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3 Steps to the Perfect Home Gym
1. Find the right space. A spare room is ideal, but even a corner nook can work. “Any 8 x 4-foot space where you can lie down comfortably with your arms over your head will do,” says Dan Mezheritsky, president of Fitness on the Go, which provides in-home personal trainers across the U.S. and Canada. A spot where noise won’t carry and disturb your family is probably best.
2. Make it look good. In many homes the gym is relegated to a drab, windowless basement. But it doesn’t have to feel that way. “Hang up inspiring artwork, paint the walls with colors that appeal to you, install good lighting and add mirrors,” suggests fitness and lifestyle expert Lisa Tanker, CPT. If your gym is in the living room, toss loose gear in attractive storage (like covered baskets) so it’s not strewn about.
3. Choose multifunctional equipment. “Every piece should serve more than one purpose,” says Lalo Fuentes, CSCS, a Los Angeles–based personal trainer who helps clients design gyms in their homes. His top pick for versatility: a resistance band. “You can work legs, shoulders, chest, back, abs, biceps and triceps,” he says. That doesn’t mean you should forgo specialized equipment—if you know you’ll use it. Just decide based on your actual track record, not your best-laid plans.
Read on to find the best equipment in your price range.
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The Basics for Any Budget
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$95 Budget: Resistance Bands
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$95 Budget: Step Platform
Step aerobics was huge in the ’80s for a reason (aside from the colorful leotards)—it’s a fantastic cardio workout. Use the ProForm Compact Adjustable Step Deck ($25) for everything from ice skaters (side-to-side strides over the step) to muscle-building triceps dips.
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$95 Budget: Stability Ball
It should be named “instability” for the balance challenge a Swiss Exercise Ball ($40 and $45) adds to workouts. Choose a size based on your height—55 cm if you’re 4’8” to 5’5”, or 65 cm if you’re between 5’5” and 6’. Try forearm planks on top of the ball—your shoulder and core muscles have to work harder to steady yourself on it.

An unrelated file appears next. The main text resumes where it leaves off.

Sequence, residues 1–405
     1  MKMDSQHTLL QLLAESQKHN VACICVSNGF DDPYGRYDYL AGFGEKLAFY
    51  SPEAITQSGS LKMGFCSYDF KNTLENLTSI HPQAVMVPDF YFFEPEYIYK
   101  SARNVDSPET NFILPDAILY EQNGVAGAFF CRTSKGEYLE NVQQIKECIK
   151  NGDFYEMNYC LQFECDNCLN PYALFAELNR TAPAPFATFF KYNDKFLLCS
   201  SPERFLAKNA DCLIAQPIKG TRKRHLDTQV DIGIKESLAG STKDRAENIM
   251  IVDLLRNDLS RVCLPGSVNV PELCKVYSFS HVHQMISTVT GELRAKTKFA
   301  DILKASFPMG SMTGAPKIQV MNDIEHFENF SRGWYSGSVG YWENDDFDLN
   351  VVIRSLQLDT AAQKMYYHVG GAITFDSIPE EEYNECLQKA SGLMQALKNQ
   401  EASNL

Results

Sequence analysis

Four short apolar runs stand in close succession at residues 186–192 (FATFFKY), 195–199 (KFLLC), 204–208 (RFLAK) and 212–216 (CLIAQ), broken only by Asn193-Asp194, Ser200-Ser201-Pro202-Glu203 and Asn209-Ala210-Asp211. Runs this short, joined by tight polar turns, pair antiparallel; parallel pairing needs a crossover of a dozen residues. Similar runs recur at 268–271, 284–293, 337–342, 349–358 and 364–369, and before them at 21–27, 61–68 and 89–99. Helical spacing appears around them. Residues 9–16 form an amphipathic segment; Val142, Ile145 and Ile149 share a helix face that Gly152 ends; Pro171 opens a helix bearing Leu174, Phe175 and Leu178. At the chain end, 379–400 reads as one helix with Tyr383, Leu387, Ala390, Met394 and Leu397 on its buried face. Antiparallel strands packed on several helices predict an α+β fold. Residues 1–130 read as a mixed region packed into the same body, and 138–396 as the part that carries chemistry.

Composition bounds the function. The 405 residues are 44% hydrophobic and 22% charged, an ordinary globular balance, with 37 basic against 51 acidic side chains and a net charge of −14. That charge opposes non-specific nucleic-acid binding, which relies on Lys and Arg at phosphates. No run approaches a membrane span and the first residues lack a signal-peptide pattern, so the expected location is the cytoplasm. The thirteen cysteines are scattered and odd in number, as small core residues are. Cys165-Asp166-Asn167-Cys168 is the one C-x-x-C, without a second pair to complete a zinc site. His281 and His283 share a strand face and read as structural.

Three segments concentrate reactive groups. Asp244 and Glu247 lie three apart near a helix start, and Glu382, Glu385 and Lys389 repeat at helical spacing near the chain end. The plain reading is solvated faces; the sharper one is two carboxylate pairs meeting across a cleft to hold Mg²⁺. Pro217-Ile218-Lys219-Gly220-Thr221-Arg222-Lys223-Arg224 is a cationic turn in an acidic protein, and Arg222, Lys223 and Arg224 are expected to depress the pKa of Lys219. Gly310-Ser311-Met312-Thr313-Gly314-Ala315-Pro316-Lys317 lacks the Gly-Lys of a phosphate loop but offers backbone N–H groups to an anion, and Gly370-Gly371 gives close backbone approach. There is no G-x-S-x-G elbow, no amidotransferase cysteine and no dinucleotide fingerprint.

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$520 Budget: Height-Adjustable Bench
A weight bench is an obvious upgrade for anyone who gets into heavier lifting, including chest presses and step-ups. The Escape Deck 2.0 from Escape Fitness ($160) even has notches for attaching resistance bands, so you don’t need traditional weights.
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$520 Budget: Balance Trainer
The Bosu Home Balance Trainer ($120) makes strength and cardio exercises tougher—not to mention more fun! It builds on the idea of a stability ball by adding unsteadiness under both hand and foot for balance training—something that gets harder for all of us as we age. Included workout DVDs and an exercise poster mean there are no excuses.
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$520 Budget: Suspension Trainer
Defy gravity and maximize bodyweight workouts with the TRX Home 2 System. Hang from the handles in a myriad of ways, as demonstrated in the included downloadable workouts. Plus, it’s easy to make adjustments as your skills improve.
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$1,350 Budget: Variable-Weight Dumbbells
Dumbbell racks take up lots of room, but clever all-in-one adjustable weights don’t. Each dumbbell in the PowerBlock Sport24 Set ($199) has a range of 3 to 24 pounds. You set the weight by simply moving a pin.
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$1,350 Budget: Treadmill
Get the most bang for your buck with the ProForm Performance 400i ($599). It offers a slew of features, including incline up to 10%, 18 programmed workouts and a shelf designed to hold your tablet upright for mid-workout access. The deck even comes up for storage.
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$1,350 Budget: Rower
Rowing is a trainer fave for low-impact total-body cardio, and the pulling action is great for opening up hunched posture. Without breaking the bank, the Stamina X Air Rower ($550) offers features like real-time workout tracking and a space-saving folding frame.
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Bonus: Get-Active Apps
These smartly produced audio workouts—from running to elliptical to strength training—keep you focused on your form, not a screen. Android and iOS, $10/month
Turn your phone into a live coach—and even connect to one—with Fitnet. It has 200+ workout videos and uses a front-facing camera to stream your actions on the screen. iOS, free; plans that include one monthly session with a trainer start at $29
Choose predesigned strength, cardio, yoga or stretching sessions that start at just 5 minutes long, or build your own workout “playlist” from 170+ exercises. Android and iOS, free with ads; $5/month for premium access
Banish dreadmill boredom for good with these half-hour HD videos of scenic trails that you download to your tablet. You’ll feel like you’re conquering the great outdoors—minus bad weather and the risk of getting lost. Android and iOS, 99 cents per download